The attempt was a bold one, although perhaps not entirely unexpected. A select committee of the council had gone into the matter in 1859 with J.B. Were, who denied that there was any public reserve along the beach. And the Weres had maintained that attitude, although the council, strengthened it seems by Dendy's opinion, had assumed full control. The taking of rent from tent and hut dwellers, the granting of licences to remove material such as sand and stone, and the punishment of vandals was in public and not private hands. And a strip a chain [20 metres] wide immediately above high-water mark had been set aside by the government as a public thoroughfare, apparently without protest from or payment to the presumptive owner. Nothing, however, was clear. The council's assumption of control could not be maintained in the face of a legal title; and the government had stated plainly in 1860 that it had no power to transfer the reserve to the council. But the issue was allowed to slumber as long as Brighton slept.

The formation of Beach Road (the Esplanade) in 1873, and the rising value of Brighton land, seems to have brought on the crisis. It came without warning, disguised as an ordinary land advertisement, in January 1876.

'Monday 6th March 1876

at 2 p.m.

at the Auction Rooms, 59 Queen Street, Sale of Brighton Beach Lands

By order of Nicholas Were, Esq.

G.Walstab has received instructions to sell by public auction in his rooms
on Monday 6th March All those Valuable Beach Lands lying between the
Esplanade Road and the shores of Port Phillip being the remainder of the
Beach frontages of the Brighton Estate.'

And Walstab went on to stress the advantages of a site that needed no further recommendation. This advertisement tempted landowners already ensconced on the Esplanade to extend their properties right down to the beach. And it envisaged at Green Point itself 'one or more gentlemen's residences which would command a view not to be surpassed in any other part of the whole bay'. There was no need to indulge in hyperbole. For once an auctioneer could let the facts speak for themselves.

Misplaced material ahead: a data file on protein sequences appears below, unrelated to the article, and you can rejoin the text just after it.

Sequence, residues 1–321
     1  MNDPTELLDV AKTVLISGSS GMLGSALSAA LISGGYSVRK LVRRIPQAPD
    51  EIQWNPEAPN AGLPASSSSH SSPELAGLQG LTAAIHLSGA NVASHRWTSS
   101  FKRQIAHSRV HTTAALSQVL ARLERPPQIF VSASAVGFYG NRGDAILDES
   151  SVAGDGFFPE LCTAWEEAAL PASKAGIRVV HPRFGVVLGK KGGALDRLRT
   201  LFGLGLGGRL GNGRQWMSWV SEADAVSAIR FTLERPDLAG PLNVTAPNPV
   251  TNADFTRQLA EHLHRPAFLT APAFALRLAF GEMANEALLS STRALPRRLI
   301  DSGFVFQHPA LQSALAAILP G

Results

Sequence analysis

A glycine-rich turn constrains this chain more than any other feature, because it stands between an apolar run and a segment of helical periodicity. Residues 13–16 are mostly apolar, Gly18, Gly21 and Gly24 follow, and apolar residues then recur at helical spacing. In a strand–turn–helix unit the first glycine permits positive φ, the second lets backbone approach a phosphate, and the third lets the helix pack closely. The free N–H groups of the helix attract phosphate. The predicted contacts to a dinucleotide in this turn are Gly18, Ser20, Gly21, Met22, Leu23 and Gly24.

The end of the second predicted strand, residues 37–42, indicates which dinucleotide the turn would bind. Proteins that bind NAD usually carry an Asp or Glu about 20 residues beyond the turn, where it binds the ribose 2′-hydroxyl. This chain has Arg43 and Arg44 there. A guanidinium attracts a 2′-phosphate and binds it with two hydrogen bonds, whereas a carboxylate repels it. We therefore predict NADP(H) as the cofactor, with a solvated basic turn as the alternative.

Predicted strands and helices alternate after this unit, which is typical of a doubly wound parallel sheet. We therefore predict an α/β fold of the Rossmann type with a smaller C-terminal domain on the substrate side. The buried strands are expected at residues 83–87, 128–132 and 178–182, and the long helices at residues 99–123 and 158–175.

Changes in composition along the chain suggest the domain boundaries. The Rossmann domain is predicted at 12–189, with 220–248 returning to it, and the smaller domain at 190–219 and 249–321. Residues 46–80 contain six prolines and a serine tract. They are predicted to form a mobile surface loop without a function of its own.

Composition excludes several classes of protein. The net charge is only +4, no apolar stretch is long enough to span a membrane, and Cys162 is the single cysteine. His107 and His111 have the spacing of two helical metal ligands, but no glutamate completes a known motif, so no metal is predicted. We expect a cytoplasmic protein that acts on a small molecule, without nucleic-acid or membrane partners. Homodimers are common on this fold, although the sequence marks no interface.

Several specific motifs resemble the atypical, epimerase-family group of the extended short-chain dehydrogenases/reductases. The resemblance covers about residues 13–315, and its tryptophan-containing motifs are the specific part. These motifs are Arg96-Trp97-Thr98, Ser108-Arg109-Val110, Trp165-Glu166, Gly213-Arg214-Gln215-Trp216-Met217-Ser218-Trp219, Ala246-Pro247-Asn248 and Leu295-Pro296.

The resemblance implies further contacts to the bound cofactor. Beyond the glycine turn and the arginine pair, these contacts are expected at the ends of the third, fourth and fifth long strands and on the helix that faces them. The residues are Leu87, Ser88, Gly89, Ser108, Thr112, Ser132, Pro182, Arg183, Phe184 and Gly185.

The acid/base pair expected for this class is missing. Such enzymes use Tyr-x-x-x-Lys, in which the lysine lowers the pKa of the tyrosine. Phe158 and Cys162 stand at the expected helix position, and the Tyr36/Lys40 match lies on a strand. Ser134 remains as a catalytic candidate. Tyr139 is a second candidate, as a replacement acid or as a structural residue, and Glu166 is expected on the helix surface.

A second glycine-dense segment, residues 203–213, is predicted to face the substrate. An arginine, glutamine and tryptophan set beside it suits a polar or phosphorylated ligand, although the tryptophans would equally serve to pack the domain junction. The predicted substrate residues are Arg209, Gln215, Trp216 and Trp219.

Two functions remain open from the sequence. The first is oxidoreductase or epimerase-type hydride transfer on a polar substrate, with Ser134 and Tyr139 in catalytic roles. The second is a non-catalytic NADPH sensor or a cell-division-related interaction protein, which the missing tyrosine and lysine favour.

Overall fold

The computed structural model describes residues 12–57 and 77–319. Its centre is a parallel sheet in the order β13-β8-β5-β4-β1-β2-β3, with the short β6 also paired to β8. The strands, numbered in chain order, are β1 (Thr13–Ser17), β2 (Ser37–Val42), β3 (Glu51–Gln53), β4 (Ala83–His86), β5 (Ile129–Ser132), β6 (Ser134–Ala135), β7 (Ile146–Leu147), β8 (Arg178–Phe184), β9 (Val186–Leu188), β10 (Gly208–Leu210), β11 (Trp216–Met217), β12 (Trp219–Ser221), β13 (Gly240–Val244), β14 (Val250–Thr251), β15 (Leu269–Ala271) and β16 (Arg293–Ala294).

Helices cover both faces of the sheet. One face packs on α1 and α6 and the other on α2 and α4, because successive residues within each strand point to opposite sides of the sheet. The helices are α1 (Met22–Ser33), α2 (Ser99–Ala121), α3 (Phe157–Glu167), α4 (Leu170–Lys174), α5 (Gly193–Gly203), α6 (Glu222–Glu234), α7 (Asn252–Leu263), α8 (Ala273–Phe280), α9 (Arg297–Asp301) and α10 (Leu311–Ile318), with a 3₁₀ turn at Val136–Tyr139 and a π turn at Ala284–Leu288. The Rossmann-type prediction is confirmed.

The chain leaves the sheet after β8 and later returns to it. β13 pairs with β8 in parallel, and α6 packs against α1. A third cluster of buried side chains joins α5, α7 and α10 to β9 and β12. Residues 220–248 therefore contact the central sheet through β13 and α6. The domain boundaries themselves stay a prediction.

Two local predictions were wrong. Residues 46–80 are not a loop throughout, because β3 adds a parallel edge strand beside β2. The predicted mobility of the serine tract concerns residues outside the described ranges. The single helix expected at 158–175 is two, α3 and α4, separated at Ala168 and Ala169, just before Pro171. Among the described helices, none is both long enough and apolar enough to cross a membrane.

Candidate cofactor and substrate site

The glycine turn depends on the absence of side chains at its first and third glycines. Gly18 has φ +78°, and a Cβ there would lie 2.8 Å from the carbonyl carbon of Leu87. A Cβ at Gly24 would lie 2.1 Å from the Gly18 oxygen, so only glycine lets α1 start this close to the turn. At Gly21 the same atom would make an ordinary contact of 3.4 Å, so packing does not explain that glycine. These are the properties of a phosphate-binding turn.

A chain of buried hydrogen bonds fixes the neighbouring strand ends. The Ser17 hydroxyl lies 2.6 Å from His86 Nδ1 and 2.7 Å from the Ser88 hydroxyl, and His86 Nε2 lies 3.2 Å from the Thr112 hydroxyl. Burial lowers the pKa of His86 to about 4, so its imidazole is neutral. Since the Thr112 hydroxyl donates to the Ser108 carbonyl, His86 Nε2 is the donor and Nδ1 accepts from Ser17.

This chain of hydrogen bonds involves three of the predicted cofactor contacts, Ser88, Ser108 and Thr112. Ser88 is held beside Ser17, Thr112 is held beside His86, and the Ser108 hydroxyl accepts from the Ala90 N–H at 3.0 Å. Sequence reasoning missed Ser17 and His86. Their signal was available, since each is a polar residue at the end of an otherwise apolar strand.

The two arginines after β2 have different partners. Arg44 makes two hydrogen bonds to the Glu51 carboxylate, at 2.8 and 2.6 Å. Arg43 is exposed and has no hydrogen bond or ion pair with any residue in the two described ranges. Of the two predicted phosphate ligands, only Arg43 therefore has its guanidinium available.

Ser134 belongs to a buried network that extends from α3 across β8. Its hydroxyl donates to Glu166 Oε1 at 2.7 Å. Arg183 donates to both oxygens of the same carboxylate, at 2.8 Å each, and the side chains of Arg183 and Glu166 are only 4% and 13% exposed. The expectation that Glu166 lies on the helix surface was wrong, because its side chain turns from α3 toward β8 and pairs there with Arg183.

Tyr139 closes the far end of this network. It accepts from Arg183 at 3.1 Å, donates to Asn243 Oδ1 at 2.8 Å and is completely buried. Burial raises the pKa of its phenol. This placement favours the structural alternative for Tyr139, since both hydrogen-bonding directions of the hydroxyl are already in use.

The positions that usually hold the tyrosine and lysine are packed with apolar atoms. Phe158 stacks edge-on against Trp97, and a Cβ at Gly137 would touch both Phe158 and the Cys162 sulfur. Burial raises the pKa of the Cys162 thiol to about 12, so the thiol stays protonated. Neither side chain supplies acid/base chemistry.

COUNCIL BUYS THE FORESHORE FROM J B & N WERE: But what was the legal position? Had there been no dedication to the public, either actual or implied? There was a rush to consult titles, and as a result, at a public meeting on 17 February [1876], Brighton's counter-measures were planned. Several ratepayers who had frontages to the Esplanade held the opinion that their titles gave them access to a road or reserve which extended to high-water mark. Both J.M. Smith, who owned the Terminus Hotel, and Charles Webb, the architect, at the other end of the disputed ground, produced plans with their deeds. Smith also spoke of a letter from Henry Dendy to a friend in Brighton in which the founder stated the the terrace had always been intended as a public reserve. Faces brightened. On the other hand what use had Dendy's opinion been in the case of the Church of England grant, when the Weres had even walked off with a building? And what had 'dedication' accomplished in the case of the Town Reserve, lying off from the crescents of Foot's plan, which had been cut to pieces and sold before the public had any joy of it.

Feeling against the Weres was once again sharply critical. A further edge was given to the antipathy towards them which has become part of a local historical tradition. With true colonial vehemence the action was described as a rascally one, legal or not. The architect of it was labelled 'a miserable English lawyer' and 'man who has no interest in Brighton'. A 'Committee of Defence' was formed, consisting of J.P. Bear, J. McClure, G.A. Mouritz, J.M. Smith, J.G. Tanner and C. Webb, with power to add to their number. They all owned properties along the terrace except Tanner (who was Mayor) and they were wealthy and influential men. Their plan was simply to obtain legal advice and to take whatever proceedings were necessary to prevent the sale.